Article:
RHS was one of five high schools in the country selected in 2010 to be in the SEAD program. It was invited as one of four schools to participate in a second four-year period that started in 2013 and runs through the summer of 2016. The RHS SEAD students are selected in their freshman year and they spend two or three weeks at Dartmouth in each of four summers. The three schools participating with RHS in the current cohort are: Bronx (NY) Center for Math and Science, Schenectady (NY) High School and Urban Science Academy, West Roxbury, MA.
SEAD empowers promising high school students from under-resourced backgrounds to thrive in high school and college.
The Summer Classes at Dartmouth
The culture in the SEAD summer sessions is extremely nurturing with considerable individual attention paid to the students by the staff, most of whom are professional educators or Dartmouth students. SEAD pairs each student in the summer program with a mentor who is a Dartmouth sophomore. The mentor spends up to ten hours a week with his or her SEAD student engaging in various activities and keeps in touch with the students via e-mail or Facebook after the program ends.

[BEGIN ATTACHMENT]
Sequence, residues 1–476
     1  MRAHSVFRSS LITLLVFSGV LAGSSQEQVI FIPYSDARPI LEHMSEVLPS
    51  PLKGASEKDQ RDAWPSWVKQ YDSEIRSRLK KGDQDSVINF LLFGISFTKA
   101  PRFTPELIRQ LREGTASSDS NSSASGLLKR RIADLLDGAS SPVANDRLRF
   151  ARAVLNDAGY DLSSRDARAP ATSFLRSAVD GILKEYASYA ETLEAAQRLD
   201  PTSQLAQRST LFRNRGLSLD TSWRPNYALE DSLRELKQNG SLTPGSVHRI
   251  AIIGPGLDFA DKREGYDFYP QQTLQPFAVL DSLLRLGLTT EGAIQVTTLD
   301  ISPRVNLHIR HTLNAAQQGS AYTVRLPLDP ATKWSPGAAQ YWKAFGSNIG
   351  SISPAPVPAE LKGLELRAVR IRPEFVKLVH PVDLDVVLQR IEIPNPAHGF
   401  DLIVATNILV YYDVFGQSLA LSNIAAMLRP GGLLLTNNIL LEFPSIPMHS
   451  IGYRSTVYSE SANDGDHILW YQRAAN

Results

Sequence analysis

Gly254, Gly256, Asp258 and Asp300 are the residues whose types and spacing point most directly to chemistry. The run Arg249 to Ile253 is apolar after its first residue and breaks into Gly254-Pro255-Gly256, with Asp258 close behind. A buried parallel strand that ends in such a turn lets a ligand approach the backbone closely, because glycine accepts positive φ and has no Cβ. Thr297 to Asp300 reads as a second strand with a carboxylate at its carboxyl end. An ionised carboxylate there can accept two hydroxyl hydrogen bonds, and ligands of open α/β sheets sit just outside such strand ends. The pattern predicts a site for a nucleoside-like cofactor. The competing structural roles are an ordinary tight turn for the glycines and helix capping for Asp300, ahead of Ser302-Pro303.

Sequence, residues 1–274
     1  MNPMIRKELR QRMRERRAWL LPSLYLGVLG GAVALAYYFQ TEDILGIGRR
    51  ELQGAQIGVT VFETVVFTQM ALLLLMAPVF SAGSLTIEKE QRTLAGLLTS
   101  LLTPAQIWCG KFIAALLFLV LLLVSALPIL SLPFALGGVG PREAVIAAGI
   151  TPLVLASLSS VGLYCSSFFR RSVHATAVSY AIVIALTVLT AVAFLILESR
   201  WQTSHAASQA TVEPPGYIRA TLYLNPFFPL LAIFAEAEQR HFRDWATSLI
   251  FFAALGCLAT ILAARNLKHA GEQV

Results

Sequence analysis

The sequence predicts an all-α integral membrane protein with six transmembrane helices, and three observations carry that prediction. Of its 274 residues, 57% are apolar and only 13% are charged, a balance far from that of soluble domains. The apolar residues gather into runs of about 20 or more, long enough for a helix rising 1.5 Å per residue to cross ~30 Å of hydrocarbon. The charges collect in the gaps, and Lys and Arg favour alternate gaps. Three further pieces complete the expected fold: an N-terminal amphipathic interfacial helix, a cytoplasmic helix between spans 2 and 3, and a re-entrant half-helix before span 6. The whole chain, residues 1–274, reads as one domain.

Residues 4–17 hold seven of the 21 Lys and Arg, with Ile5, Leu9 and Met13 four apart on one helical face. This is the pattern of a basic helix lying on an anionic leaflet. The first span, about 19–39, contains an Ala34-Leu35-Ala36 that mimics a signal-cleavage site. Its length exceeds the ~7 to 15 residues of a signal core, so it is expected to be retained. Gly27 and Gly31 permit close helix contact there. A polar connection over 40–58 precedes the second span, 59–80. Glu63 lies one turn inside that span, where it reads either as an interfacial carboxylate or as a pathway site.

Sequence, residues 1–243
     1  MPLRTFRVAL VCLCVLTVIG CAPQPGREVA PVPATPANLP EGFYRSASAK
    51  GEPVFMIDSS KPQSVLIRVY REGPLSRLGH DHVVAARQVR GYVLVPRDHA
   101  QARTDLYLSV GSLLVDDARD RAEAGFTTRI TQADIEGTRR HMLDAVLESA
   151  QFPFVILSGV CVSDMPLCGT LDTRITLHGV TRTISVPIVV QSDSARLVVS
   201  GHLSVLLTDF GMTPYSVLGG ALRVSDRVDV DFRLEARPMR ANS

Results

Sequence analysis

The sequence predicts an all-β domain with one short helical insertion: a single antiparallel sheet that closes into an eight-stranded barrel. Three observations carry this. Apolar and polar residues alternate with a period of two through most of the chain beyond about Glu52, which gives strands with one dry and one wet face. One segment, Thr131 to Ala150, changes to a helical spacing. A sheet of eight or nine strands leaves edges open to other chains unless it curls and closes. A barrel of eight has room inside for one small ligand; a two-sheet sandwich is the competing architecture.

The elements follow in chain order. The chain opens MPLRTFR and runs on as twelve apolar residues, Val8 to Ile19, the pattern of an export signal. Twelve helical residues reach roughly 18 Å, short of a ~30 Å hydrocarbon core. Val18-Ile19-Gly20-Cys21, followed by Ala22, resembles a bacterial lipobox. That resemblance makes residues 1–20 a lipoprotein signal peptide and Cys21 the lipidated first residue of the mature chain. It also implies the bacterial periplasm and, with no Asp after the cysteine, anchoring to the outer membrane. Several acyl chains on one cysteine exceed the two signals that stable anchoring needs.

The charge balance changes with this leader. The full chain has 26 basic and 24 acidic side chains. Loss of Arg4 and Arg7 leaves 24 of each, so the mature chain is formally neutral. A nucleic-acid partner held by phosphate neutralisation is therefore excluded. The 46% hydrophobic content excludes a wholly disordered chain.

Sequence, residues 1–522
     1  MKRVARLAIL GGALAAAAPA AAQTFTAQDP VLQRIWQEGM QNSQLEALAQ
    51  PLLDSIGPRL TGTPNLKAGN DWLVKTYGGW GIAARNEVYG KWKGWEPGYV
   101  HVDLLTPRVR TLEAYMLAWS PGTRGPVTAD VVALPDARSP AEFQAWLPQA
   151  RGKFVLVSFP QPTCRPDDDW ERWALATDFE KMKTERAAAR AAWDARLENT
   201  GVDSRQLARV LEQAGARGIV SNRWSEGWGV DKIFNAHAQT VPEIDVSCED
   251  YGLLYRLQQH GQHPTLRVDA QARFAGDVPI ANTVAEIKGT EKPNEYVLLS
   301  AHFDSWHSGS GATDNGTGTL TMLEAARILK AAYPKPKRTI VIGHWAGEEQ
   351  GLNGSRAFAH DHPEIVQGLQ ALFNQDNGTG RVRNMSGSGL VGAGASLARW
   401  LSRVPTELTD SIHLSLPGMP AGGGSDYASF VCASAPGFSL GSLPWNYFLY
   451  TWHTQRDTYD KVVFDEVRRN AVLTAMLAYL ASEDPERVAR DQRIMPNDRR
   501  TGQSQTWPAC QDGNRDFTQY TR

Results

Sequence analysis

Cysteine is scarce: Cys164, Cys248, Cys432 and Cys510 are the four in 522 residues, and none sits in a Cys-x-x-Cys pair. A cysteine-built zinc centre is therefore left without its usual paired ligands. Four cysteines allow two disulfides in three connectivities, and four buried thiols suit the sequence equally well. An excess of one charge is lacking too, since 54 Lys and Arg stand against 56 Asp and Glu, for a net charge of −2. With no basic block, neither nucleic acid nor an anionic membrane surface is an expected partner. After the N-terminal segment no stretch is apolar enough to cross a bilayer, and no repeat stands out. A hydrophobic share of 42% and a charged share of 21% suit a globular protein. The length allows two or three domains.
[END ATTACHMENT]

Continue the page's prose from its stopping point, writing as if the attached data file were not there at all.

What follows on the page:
In the fall or winter following each of their summers at Dartmouth, the RHS SEAD students go back to Hanover for a Reunion Weekend. This gives the students an opportunity to reconnect with their mentors and one another and serves as a reminder of the focused, motivated work the students did during the summer and can do during the school year.
College Interns at RHS
The SEAD program sends a Dartmouth undergraduate to RHS for about nine weeks each fall, winter and spring. These Interns work in RHS full-time, spending half of their time with the program's students and helping with their academic progress. They meet regularly with the students and bring information about the students and RHS back to Dartmouth that allows the program to develop effective curricula for the following summer.
The balance of the Interns’ time is spent promoting college awareness with all RHS students who are considering tertiary education at a four- or two-year college, with emphasis on students not served by either SEAD or the Reach High Scholars Program. They explain the variety of educational institutions available, give advice on colleges that are a good fit for each student, promote summer enrichment programs, college fairs and college visits and help with college applications, financial aid and preparation for standardized tests.